Written by : Dr.M.D.Mazumdar, MD
The process by which the uterus and the other genital organs return to their normal pre-pregnant state in the postpartum period after the delivery of the fetus is called 'involution'.
The uterus not only returns to it's pre-pregnant size, but it also returns to its normal position in the pelvic cavity and regains its muscular tone.
The vagina, uterine ligaments and
muscles of the pelvic floor all revert back to the pre-pregnant state.
During the pregnancy, the uterus enlarges due to growth and stretching of the uterine muscles. The muscles not only increase in size but also in number.
Immediately after the delivery of the baby, the uterus has two main aims - the first is to control bleeding and the next is to revert back to its former state.
Bleeding is controlled by contraction of the muscles. The uterine muscles are arranged in criss-cross layers - so that contraction of the muscles constricts the blood vessels between them, causing less blood flow. This is the early stage of involution.
At this time, it forms a firm, ball-like structure just below the bellybutton. It is tender and pressing on it can cause pain.
Involution starts by autolysis and phagocytosis. Autolysis, more commonly known as self-digestion, refers to the destruction of a cell through the action of its own enzymes. During involution, the muscles undergo some amount of autolysis to reduce in size.
Autolysis occurs in response to the withdrawal of placental hormones after the childbirth. During pregnancy, hormones like estrogen and progesterone help the uterine muscles to enlarge and grow rapidly. Blood vessels too increase in number and size.
The gradual decrease in size of the uterus during involution occurs due to a decrease in size but not a decrease in the number of uterine muscles. This causes the uterus to remain somewhat larger in size than the pre-pregnant state. The size of a uterus which has once undergone pregnancy is larger than a uterus which has never gone through pregnancy.
After involution is complete at around 6 weeks postpartum, the uterus is more or less its normal size but the endometrial cavity remains larger than in the virgin state. The blood vessels are also more tortuous, and its muscular layers are more defined.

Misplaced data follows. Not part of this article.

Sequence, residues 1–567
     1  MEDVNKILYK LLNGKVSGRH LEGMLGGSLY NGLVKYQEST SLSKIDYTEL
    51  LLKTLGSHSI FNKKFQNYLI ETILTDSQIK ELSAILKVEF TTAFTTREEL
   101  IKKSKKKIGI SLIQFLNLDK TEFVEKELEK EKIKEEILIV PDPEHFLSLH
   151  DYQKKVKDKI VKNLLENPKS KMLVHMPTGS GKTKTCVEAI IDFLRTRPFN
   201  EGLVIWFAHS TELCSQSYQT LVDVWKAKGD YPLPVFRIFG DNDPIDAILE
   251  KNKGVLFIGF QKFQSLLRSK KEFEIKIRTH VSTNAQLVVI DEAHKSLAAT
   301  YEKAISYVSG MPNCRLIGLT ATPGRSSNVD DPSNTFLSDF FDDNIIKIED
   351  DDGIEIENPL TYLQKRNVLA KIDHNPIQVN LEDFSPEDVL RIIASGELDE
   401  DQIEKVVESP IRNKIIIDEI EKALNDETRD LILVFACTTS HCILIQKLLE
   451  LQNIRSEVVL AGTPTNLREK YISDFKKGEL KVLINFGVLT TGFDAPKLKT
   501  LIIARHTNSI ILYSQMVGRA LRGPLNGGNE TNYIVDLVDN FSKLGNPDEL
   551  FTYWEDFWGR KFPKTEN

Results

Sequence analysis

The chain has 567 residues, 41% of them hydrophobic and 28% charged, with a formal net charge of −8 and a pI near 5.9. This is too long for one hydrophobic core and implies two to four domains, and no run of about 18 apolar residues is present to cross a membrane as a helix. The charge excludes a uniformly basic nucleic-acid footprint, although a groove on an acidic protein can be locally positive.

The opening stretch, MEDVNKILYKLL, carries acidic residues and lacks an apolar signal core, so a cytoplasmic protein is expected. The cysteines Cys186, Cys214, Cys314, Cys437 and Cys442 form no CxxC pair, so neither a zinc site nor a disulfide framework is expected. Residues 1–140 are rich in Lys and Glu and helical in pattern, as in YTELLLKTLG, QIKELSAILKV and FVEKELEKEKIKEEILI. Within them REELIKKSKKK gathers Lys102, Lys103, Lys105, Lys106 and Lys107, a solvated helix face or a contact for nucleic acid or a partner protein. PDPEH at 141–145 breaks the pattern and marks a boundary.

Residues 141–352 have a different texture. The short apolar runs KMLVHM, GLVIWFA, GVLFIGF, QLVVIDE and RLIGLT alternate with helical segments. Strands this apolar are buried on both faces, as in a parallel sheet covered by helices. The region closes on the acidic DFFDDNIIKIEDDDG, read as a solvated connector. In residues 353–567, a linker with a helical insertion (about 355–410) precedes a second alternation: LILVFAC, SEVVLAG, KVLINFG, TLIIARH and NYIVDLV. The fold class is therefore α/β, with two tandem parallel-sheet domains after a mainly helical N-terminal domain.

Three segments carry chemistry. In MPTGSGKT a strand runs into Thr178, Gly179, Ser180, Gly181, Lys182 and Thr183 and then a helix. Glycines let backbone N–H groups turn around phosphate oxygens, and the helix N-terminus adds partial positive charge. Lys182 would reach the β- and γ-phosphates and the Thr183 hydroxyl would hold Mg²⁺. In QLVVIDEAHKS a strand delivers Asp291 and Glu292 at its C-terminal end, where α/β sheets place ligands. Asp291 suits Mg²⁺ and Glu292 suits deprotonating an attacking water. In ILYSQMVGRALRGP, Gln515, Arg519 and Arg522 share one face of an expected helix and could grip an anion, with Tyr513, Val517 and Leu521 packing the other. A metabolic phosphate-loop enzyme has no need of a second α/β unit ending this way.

The uterus, which weighs about 900 grams at the end of labour, weighs only about 40-60 grams at the end of the postpartum period, 6 weeks after childbirth.
Immediately after the delivery, the upper margin of the uterus lies about 5 inches above the pubic symphysis (upper margin of the pubic bones). In an average sized woman, this will be at the level of the umbilicus.
The rate of involution is maximum in the first five days (about 1 cm per day) of the postpartum period and then gradually slows down. By the 7th day, the uterus becomes much smaller and only its upper border can just be felt at the level of the symphysis. It regains its pre-pregnancy size at the end of 6 weeks.
Involution is accompanied by the flow of Lochia - a thick vaginal discharge consisting mainly of the thick endometrium formed to help support the pregnancy.
The cervix involutes more slowly than the uterus. Immediately after the delivery of the baby, it is a loose opening with irregular edges. It is soft and toneless with deep fissures along its edges.
But by the end of the first week, it becomes more clearly defined, regaining its canal like structure. Its opening in the vagina now is much smaller and the internal os can admit only the tip of the finger.
While the internal os, which is the opening of the cervix near the uterus involutes completely, the external os, which is the outer opening of the cervix in the vagina, never regains its pre-pregnant state. It remains slightly open and its edge always presents one or more fissure.
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The vagina involutes more slowly than the uterus. Immediately after the delivery, it is swollen, toneless and appears bruised and red. The normal rugosity (wrinkles) of the vaginal walls reappear at about the 3rd week of the postpartum period. But the size and elasticity of the tissues never regain the pre-pregnancy state.
Taking Sitz baths and regular Kegel's exercises help heal the vagina and tone the vaginal muscles faster.
Other pelvic organs like the ligaments of the uterus, muscles of the perineum, ovaries and fallopian tubes also involute and completely regain their normal appearance by the end of 6 weeks after delivery.
The height of the uterus is measured from the upper edge of the pelvic brim to the upper level of the uterus with a tape and a record should be kept if there are any problems with normal involution of the uterus.
Subinvolution is an abnormality in the involution of the uterus in which the rate of involution is lesser than normal. Causes of Subinvolution are:
The main sign of subinvolution is delayed decrease in the size of the uterine height. Lochia Rubra is present for a longer time than normal. Infection is indicated by a foul smell of the lochia.
Treatment is according to the cause.
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